• In 2003 Dolly Parton recorded a cover on her patriotic album For God and Country.
  • Kai Hyttinen [fi] recorded Finnish version "Nosta lippu salkoon" in 1973.[34]
  • The anticomedian Ted Chippington performed a quasi-cover of this song on his debut album Man in a Suitcase, "Rocking Ribbons."
  • Singer Eric D. Johnson covered this song in the film Our Idiot Brother. It was released in 2011 alongside the film in the motion picture soundtrack.[1]

In popular culture[edit]

  • Later in 1973, Connie Francis had a minor hit in Australia with an answer song, "The Answer (Should I Tie a Yellow Ribbon Round the Old Oak Tree?)". Her version remained in the top 40 for three weeks, peaking at number 31.
  • In 1975, the song was sung by Dean Martin in the TV special Lucy Gets Lucky.
  • In 1977, the song was sung by Andy Kaufman, while playing his character Tony Clifton, on HBO.
  • The song had renewed popularity in 1979, in the wake of the Iranian hostage crisis.[4]
  • The song appeared in the 1982 movie An Officer and a Gentleman, played by a band at the Navy Ball.
  • The song was performed by David Alan Grier, as Don "No Soul" Simmons, over the closing credits of Amazon Women on the Moon (1987).
  • In the 1993 Wallace and Gromit short, The Wrong Trousers, the short's antagonist, Feathers McGraw, listens to an instrumental cover of the song on the radio after settling into his new room.
  • On the show Dinosaurs, in the episode "Driving Miss Ethyl" (first aired on 29 June 1994), several characters sing this song.
  • In 1999, S Club 7 performed the song for their hit TV series Miami 7. It was featured in the second episode.
  • In a 2005 episode of Las Vegas, Tony Orlando (guest-starring as himself) performs the song at the end of the episode before an audience that includes Don Knotts (also guest-starring as himself in one of his last acting roles.)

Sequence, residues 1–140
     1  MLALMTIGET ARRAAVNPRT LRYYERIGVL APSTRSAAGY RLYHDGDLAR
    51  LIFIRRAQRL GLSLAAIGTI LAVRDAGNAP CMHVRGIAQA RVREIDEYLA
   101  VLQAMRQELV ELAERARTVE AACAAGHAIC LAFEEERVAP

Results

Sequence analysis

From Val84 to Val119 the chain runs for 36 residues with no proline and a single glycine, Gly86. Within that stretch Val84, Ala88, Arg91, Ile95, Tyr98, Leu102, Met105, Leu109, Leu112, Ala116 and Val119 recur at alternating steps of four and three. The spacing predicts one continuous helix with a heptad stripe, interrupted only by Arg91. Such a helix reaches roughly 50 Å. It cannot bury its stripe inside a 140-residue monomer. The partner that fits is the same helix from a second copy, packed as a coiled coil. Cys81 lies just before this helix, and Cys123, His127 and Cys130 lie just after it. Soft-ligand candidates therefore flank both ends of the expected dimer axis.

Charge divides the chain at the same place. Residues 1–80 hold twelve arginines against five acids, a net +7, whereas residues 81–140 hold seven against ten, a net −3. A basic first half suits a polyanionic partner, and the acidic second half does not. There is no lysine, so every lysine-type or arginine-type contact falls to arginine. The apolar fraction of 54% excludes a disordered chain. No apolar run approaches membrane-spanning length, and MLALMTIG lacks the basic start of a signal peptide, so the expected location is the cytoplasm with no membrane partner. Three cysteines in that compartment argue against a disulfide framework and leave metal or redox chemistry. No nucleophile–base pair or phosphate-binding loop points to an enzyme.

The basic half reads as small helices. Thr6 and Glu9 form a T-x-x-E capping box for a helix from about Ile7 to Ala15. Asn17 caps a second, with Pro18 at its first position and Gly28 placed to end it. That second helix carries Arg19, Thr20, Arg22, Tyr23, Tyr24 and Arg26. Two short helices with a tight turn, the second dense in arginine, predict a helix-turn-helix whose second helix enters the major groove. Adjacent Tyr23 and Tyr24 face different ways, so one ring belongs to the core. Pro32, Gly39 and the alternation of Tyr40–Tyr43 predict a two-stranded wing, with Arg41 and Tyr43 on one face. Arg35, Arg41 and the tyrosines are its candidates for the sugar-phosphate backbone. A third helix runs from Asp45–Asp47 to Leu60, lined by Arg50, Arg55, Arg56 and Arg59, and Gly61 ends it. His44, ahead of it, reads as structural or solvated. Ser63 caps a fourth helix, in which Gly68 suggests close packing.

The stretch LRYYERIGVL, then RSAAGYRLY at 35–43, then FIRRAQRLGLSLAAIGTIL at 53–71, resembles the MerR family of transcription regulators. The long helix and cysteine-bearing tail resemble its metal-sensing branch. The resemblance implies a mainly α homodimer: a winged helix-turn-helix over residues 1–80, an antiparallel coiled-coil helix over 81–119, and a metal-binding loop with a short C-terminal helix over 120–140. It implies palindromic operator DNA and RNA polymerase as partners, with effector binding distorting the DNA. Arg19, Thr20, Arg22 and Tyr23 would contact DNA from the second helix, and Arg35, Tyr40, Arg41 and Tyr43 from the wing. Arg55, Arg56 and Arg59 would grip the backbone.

• Comedian Victor Lewis-Smith recorded a sketch on BBC Radio in which he claims to have an annoying song playing in his head, but he can't remember what the name of it is. "It goes... 'Tie a yellow ribbon round the ole oak tree...' But WHAT'S IT CALLED?"
  • The song is referenced in "The Ones That Didn't Make It Back Home," which hit #1 on Country airplay in 2019.
  • On The Kids in the Hall, Kevin McDonald and Dave Foley, as the Sizzler Sisters, sing this as part of their lounge act.
  • The song is featured in The Simpsons when sung by Disco Stu in a karaoke bar on "Treehouse of Horror XXIV" (season 27, episode 5).

Association with the People Power Revolution[edit]

Liberal party standard bearer Mar Roxas, as he took on Davao City Mayor Rodrigo Duterte for the presidency in 2016

In the Philippines, the song was best known for its use in the return of exiled politician Benigno Aquino Jr. in 1983, when supporters tied yellow ribbons on trees in anticipation of his arrival. However, Aquino was assassinated at Manila International Airport. This sparked protests and the People Power three years later that led to the overthrow of President Ferdinand Marcos' regime, and the accession of his opponent, Aquino's widow Corazón. Yellow was also the campaign symbol of their son, Benigno Aquino III, who eventually became president in 2010 following his mother's death the previous year.[35]

Association with the 2014 Hong Kong Protests[edit]

During the 2014 Hong Kong Protests the song was routinely performed by pro-democracy protestors and sympathetic street musicians as a reference to the yellow ribbons that had become a popular symbol of the movement on site (tied to street railings) and on social media.[36] Journalists covering the event described use of the tune as a protest song.[37]

See also[edit]


  1. ^ a b c "Billboard Hot 100 Chart 50th Anniversary – All-Time Top Songs". Archived from the original on 13 September 2008. Retrieved 29 August 2009.
  2. ^ a b "Billboard Hot 100 60th Anniversary". Billboard. Retrieved 6 August 2018.